Notes Plus for iPad
At a Glance
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Amid the growing crowd of great iPad note-taking apps in the App Store, Notes Plus distinguishes itself by appearing to give more thought than most about how a stylus-wielding iPad owner might actually write and draw on a touchscreen tablet.
The $8 offering from seller Viet Tran offers many of the same features as rival apps: You can choose whether to type in your notes or write them using a finger or stylus. You have a choice of paper styles, ink color, pen widths, or typeset font. There’s a wrist guard that lets you rest your hand on part of the screen while drawing or writing on another portion. And there’s also a feature that lets you record audio while note-taking—though, unlike Pear Note or Notability, the recordings aren’t time-indexed to your notes. That means you might have to search a little harder for the precise wording of the quote you want to replicate.
The features outlined above are standard stuff for note takers. Where Notes Plus distinguishes itself is letting users fine-tune how they write with their finger—and how they erase what they’ve written. You can adjust the app’s settings to respond to your gestures: the “deletion gesture” lets you erase handwriting with a vigorous horizontal back-and-forth of your finger, while the “scrubbing gesture” setting does the same with a “tight, vertical zigzag.” If you’re drawing in the notes, a “closeup box” lets you magnify portions of the note page to do detail work.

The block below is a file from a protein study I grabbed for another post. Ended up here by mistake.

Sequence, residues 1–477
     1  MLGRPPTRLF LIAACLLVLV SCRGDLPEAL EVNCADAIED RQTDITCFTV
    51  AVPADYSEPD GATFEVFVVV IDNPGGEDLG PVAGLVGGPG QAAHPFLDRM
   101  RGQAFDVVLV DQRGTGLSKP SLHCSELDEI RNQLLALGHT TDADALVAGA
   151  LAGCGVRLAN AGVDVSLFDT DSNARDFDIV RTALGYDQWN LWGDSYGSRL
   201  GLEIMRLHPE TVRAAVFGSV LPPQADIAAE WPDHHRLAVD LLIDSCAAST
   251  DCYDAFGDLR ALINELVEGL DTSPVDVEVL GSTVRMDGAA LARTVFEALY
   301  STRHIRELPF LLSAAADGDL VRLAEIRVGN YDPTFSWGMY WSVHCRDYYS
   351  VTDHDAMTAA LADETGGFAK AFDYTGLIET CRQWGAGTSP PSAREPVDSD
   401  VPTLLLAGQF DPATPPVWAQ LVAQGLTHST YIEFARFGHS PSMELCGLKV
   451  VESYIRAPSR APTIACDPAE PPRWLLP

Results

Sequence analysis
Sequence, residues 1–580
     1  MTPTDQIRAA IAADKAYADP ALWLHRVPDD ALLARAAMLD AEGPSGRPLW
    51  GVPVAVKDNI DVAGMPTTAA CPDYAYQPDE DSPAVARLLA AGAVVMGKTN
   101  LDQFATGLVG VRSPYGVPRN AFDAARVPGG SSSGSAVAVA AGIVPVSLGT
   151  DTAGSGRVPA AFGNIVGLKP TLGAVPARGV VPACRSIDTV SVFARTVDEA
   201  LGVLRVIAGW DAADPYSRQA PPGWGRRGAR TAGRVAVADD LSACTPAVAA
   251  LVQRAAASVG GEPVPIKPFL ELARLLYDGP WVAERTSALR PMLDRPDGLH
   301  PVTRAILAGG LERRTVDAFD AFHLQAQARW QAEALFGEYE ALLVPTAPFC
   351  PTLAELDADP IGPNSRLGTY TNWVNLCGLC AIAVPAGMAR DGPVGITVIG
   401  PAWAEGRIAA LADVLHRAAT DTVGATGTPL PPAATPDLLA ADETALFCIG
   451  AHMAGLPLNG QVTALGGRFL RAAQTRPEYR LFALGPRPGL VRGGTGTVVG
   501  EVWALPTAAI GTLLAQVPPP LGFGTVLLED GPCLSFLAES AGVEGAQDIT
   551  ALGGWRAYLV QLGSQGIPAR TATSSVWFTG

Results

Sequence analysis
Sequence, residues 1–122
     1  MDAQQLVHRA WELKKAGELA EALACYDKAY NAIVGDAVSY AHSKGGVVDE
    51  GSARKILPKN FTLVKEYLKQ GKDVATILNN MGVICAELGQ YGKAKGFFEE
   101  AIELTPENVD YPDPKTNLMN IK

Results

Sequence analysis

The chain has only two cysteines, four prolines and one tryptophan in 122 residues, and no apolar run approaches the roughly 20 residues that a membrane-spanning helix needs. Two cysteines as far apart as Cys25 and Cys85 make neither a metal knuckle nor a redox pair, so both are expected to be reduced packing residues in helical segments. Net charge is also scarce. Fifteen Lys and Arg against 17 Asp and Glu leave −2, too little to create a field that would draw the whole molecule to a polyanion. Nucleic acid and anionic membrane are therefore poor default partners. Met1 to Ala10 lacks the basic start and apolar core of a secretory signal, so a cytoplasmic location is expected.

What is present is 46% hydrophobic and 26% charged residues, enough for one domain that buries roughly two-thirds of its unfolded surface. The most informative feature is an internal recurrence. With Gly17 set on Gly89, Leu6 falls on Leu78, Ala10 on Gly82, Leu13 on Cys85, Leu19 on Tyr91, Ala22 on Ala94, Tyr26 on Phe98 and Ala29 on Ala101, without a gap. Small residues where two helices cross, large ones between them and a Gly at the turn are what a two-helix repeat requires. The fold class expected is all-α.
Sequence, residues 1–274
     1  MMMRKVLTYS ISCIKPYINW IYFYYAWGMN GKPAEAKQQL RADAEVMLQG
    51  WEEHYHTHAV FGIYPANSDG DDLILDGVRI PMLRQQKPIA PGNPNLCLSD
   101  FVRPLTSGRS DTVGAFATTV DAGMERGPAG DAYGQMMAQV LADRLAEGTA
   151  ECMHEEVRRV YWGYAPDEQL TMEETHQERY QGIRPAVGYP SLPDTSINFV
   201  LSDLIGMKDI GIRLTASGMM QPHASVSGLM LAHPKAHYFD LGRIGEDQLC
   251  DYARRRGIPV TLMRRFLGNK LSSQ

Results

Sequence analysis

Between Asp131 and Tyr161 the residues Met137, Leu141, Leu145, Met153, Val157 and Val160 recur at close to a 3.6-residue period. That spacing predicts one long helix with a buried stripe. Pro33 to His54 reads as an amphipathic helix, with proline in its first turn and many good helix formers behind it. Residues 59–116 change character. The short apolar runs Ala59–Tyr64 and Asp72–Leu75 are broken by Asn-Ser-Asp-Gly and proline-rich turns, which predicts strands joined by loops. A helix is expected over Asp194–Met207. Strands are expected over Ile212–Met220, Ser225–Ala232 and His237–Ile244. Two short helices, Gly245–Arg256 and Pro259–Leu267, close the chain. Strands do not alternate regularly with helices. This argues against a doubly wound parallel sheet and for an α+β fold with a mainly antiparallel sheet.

Another nifty feature is shape detection. Draw a circle, and Notes Plus offers you several options—you can replace your drawn shape with a perfect computer-generated circle of roughly the same size. Or you can copy the text and handwriting within the circle. Double-tap the screen within that circle, and the app will let you insert typewritten text in that space.
Notes Plus lets you import PDFs and images from your iPad’s clipboard, photo library, or directly from your camera—they can be inserted into notes or drawn upon directly. And entire notebooks or individual note pages can be exported to Google Docs and Dropbox sharing services; users can even adjust settings so that documents are automatically saved in Dropbox.
Finally, Notes Plus offers users the option of password-protecting their documents. That’s a great and welcome security feature.
At $8, the app is priced on the high end when compared to competing apps. Take Notability. While Notes Plus offers more ways to fine-tune your handwriting, Notability offers more paper varieties and possibilities. From a feature standpoint, comparing the two apps will probably result in a draw. But Notability costs $1 to Notes Plus’s $8 price tag. Notes Plus is not going to win many price comparisons with rival apps.
All that said, Notes Plus is a fine note-taking app that’s worthy of your attention. Whether it’s worth the $8 asking pricing is going to depend on how much you value its feature set.
[Joel Mathis is a writer in Philadelphia.]